# Road Thoughts

The big yellow truck in front of me does the inconsiderate thing that I refer to in my animal car comics as “the floaty duck thing.” This is when a car casually floats from his lane into yours without using his turn signal.

What gets me about this particular truck is his bumper sticker. It says in all cap black letters, “THANK YOU FOR DRIVING SAFELY.”

My immediate reaction is Excuse me, Sir, but how dare you.

I honk at the big yellow hypocritical truck. He probably had no idea why.


Passenger Stoked for Pancake Date

“I’m going on a date tomorrow night. I told her she could pick any restaurant, and she chose iHop. I’m like,  ‘That’s cool man, I like pancakes.’ I thought she was gonna pick some fancy Italian restaurant but she chose iHop and that’s totally fine.”

The 20-something man’s excitement permeates the car for the entirety of our ride back to his house in East Oakland. He also talks about his recent promotion at the car dealership he works for; his uncertainty as to whether he wants to do this work forever; and the need for our society to become “more Earth lovin’.”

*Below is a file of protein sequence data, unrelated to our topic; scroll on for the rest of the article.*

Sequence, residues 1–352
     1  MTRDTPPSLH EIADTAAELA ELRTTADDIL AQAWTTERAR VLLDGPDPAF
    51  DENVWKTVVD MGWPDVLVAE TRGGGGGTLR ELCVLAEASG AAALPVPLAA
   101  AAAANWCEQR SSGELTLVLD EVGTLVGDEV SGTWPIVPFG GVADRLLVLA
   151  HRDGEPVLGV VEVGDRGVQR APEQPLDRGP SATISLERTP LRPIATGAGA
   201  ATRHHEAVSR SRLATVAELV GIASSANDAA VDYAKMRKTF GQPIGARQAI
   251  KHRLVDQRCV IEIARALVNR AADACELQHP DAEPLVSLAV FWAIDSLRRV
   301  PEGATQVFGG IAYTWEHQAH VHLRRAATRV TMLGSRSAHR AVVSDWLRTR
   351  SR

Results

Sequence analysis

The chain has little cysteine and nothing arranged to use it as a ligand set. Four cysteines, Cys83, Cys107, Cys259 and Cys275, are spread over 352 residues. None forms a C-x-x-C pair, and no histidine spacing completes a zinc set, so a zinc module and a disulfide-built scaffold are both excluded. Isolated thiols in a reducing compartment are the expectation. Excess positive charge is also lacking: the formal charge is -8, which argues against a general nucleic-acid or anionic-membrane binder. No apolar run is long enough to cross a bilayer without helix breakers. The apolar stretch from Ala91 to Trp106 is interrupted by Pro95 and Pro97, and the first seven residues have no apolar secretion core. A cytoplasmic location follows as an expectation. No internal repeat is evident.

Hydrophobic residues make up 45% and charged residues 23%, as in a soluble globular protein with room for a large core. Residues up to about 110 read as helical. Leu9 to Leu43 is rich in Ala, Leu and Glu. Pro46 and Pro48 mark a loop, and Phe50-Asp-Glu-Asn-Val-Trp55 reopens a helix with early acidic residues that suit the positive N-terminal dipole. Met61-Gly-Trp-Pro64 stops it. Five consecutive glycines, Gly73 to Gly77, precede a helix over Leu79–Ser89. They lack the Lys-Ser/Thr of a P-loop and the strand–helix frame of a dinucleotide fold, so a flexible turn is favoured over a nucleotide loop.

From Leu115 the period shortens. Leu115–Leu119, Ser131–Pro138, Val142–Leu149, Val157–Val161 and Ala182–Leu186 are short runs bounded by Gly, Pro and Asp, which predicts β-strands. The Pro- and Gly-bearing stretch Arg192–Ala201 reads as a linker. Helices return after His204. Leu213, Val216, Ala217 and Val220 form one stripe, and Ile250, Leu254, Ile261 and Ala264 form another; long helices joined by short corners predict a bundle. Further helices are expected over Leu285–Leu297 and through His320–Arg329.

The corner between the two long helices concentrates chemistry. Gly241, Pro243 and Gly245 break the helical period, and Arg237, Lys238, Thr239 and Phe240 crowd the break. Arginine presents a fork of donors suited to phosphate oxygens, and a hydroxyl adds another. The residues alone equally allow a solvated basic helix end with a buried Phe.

Right before he get out, he thanks me and says bye. I wish him luck on his date. He exclaims in response: “Pancakes! Yeah!!”


#Uber Eats Tales

I love it when Uber Eats customers understand the difficulty of finding parking in downtown SF. I also appreciate their recognition of the fact that double parking is illegal. These customers come meet you outside to retrieve their food.  

I still fondly remember the man dressed in the suit and tie who was waiting on the sidewalk right when I arrived with his food. 

“You got pizza in there? Cool! Thanks!” he exclaimed, grabbing it through the window before walking away.

 The swiftness of this encounter pleased me. Also— suave attire, Sir.

Not every passenger is as considerate as this man was. Take passenger *Cindy, who asked if I could bring her McDonalds up to the 14th floor of a modern South Beach apartment complex.

I could’ve said no. Or I could’ve been like, “I’ll bring your food up to you if you pay me a dollar for every floor I climb. How about that?

But I didn’t. Instead I obliged, so I’m partially responsible for this story I’m about to tell.

After leaving my ID with the man at the front desk, I accept into my hands the shiny silver elevator key that he offers me. Then I enter the elevator and press floor two.